Baptism Meditation

March 18, 2019 in Adoption, Baptism, Bible - NT - Luke, Children, Ecclesiology, King Jesus, Sacraments

Luke 18:15–17 (NKJV)

15 Then they also brought infants to Him that He might touch them; but when the disciples saw it, they rebuked them. 16 But Jesus called them to Him and said, “Let the little children come to Me, and do not forbid them; for of such is the kingdom of God. 17 Assuredly, I say to you, whoever does not receive the kingdom of God as a little child will by no means enter it.”

Today I have privilege of baptizing —–. Before I invite the family forward, I wanted to remind you why we baptize children. Jesus provides for us the foundational reason in this text. The reason that we baptize children, including infants, is that Jesus claims our children as His own. He reckons them to be members of His kingdom, the kingdom of God.

Consequently, children (including nursing infants) teach us something important about the nature of God’s work in our lives. After all, Jesus reminds us in Matthew 21:16 that the Scriptures proclaim, “Out of the mouth of babes and nursing infants You [O, Lord] have perfected praise.” So what do children proclaim? What do they declare? Children proclaim that we are all dependent upon God for His grace and mercy in both creation and salvation. We none of us created ourselves and we none of us enter into the kingdom of God by our own merit or worth or choice. It is God who created us, not we ourselves, and it is God who saves us, not we ourselves.

The 19th century Presbyterian theologian B.B. Warfield wrote, “Every time we baptize an infant we bear witness that salvation is from God, that we cannot do any good thing to secure it, that we receive it from his hands as a sheer gift of his grace, and that we enter the Kingdom of heaven therefore as little children, we do not do, but are done for.” Did you catch that last clause? “We do not do, but are done for.” Salvation, like creation, is the work of God, who graciously grafts us into His people. Today God welcomes —– into His Church. So as I baptize him this morning, let me urge you to remember that your baptism preaches to you, proclaims to you the grace and mercy of God. So believe Him, trust Him, rely upon Him, and know that “as a father pities his children, so the Lord pities those who fear Him” (Ps 103:13).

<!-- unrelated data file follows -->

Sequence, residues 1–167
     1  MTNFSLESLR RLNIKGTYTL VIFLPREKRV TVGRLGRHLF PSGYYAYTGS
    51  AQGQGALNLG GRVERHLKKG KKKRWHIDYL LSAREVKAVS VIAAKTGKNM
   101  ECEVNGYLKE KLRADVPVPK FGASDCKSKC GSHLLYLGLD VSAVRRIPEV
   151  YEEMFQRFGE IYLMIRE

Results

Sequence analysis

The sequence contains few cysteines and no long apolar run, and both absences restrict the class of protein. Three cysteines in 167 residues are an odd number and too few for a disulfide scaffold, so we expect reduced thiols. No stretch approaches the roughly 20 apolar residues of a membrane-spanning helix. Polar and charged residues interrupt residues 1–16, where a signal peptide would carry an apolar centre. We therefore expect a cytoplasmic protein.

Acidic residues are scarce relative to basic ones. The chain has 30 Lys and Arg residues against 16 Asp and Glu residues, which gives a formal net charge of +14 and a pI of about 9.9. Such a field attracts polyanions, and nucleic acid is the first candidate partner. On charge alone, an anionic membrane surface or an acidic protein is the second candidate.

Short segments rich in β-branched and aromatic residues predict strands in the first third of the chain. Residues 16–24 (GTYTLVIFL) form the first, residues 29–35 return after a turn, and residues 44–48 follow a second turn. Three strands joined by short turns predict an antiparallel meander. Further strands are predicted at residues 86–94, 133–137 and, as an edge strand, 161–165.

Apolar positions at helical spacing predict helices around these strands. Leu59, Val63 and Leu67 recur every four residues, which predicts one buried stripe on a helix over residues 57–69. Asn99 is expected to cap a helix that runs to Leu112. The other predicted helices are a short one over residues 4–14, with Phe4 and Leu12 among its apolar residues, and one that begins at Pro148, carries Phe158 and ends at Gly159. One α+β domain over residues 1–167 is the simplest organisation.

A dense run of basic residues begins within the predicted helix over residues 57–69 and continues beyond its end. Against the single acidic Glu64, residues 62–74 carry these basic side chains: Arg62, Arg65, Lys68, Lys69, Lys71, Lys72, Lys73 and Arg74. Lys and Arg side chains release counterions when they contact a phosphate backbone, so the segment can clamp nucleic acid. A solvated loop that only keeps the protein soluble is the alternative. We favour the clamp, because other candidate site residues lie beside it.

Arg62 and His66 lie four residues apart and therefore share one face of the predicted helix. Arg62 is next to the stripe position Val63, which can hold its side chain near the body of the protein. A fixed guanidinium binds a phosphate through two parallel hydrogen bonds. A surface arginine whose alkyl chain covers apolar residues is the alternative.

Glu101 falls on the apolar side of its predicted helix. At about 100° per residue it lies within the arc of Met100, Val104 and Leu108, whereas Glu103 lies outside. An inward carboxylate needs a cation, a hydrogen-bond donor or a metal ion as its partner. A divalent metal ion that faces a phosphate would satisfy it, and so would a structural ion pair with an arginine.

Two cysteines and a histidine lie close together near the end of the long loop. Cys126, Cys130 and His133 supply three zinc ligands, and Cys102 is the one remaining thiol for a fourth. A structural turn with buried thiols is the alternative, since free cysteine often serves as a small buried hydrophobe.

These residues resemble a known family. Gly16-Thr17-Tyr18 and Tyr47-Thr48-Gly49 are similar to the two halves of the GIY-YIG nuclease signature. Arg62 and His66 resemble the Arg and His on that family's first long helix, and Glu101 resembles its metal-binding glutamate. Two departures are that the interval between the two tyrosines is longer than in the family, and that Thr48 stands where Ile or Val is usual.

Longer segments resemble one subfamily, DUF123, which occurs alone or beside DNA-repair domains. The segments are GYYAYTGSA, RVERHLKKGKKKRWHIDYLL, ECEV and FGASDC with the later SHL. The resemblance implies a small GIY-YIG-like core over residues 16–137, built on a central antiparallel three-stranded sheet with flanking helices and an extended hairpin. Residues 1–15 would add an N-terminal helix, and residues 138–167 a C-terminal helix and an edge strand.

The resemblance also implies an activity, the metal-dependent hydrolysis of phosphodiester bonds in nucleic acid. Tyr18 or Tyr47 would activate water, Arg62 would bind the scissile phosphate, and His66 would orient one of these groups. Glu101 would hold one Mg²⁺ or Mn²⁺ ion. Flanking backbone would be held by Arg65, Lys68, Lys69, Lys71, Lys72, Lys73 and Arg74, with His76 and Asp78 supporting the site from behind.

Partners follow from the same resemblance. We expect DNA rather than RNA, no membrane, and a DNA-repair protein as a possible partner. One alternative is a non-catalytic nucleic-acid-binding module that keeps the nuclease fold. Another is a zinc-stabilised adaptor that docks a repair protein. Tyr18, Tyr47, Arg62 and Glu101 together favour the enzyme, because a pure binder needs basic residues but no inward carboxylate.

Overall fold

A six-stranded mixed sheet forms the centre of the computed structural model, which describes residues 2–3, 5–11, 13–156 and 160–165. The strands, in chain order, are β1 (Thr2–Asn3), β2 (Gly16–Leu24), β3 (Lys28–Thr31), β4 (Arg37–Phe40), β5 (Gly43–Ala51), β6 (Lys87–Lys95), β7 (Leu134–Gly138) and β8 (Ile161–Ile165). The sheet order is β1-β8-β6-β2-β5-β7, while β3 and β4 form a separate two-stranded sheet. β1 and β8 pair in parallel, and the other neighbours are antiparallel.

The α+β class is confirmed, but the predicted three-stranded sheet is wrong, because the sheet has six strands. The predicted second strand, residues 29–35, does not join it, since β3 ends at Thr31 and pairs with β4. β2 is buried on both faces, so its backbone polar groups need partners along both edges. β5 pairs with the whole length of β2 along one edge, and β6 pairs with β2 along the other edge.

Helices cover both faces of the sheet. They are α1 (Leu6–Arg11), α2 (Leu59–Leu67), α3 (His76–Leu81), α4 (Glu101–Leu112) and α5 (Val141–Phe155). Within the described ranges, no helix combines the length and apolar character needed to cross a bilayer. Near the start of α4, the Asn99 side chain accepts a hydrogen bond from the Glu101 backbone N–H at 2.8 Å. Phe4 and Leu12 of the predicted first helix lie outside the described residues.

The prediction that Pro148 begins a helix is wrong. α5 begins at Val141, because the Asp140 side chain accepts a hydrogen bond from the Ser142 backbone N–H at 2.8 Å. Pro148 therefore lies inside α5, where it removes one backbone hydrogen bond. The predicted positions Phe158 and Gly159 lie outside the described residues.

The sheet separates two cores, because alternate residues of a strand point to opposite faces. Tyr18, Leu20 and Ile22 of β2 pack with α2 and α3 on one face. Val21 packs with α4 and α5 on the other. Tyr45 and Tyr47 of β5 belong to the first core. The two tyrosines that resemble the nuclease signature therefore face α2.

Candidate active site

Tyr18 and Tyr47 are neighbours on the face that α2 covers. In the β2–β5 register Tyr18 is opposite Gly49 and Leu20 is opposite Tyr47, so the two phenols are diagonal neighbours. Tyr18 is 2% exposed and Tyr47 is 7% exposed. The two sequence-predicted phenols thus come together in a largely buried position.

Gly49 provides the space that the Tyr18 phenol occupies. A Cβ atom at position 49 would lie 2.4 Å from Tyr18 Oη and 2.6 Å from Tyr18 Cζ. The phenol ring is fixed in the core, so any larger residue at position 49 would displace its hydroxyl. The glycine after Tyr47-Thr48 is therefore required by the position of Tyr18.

The Purpose of Marriage

November 4, 2014 in Adoption, Children, Marriage, Quotations, Reformation, Sanctification

“The ultimate purpose [of marriage] is to obey God, to find aid and counsel against sin; to call upon God; to seek, love, and educate children for the glory of God; to live with one’s wife in the fear of God and to bear the cross; but if there are no children, nevertheless to live with one’s wife in contentment; and to avoid all lewdness with others.”

Martin Luther

Caring for Widows and Orphans

November 8, 2012 in Adoption, Bible - NT - James, Meditations

James 1:27 (NKJV)